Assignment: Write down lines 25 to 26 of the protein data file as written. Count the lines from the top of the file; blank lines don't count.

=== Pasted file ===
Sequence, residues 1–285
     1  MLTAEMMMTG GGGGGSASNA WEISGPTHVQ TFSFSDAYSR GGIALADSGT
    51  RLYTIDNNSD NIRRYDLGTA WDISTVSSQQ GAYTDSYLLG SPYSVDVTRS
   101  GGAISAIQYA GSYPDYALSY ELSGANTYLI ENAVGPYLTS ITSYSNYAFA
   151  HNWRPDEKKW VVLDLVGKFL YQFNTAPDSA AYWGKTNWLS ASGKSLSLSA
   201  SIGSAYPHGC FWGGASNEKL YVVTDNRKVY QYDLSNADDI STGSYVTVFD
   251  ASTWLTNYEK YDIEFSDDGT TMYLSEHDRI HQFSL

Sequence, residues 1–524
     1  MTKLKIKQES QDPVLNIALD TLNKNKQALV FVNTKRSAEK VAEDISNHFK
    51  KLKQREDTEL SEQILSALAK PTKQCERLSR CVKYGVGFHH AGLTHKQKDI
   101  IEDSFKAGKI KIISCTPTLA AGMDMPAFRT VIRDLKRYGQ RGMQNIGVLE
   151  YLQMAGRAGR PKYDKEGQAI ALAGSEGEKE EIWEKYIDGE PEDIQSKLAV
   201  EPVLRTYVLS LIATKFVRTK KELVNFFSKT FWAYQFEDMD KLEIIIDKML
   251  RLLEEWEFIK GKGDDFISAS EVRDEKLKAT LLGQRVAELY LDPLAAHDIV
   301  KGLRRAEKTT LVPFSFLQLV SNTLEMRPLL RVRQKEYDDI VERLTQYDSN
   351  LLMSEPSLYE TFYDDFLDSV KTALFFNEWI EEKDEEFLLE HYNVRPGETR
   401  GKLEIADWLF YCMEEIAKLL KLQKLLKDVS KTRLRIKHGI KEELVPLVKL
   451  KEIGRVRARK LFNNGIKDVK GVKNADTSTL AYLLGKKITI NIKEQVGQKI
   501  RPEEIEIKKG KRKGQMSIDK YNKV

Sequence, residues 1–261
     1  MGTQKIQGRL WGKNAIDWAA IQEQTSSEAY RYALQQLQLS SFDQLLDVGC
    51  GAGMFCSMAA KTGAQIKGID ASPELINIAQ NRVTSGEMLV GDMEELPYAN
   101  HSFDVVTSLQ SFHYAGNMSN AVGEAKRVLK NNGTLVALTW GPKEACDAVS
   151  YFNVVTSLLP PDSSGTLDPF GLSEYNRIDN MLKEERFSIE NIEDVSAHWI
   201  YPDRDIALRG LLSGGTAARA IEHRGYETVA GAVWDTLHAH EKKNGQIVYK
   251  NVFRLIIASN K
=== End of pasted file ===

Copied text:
   201  YPDRDIALRG LLSGGTAARA IEHRGYETVA GAVWDTLHAH EKKNGQIVYK
   251  NVFRLIIASN K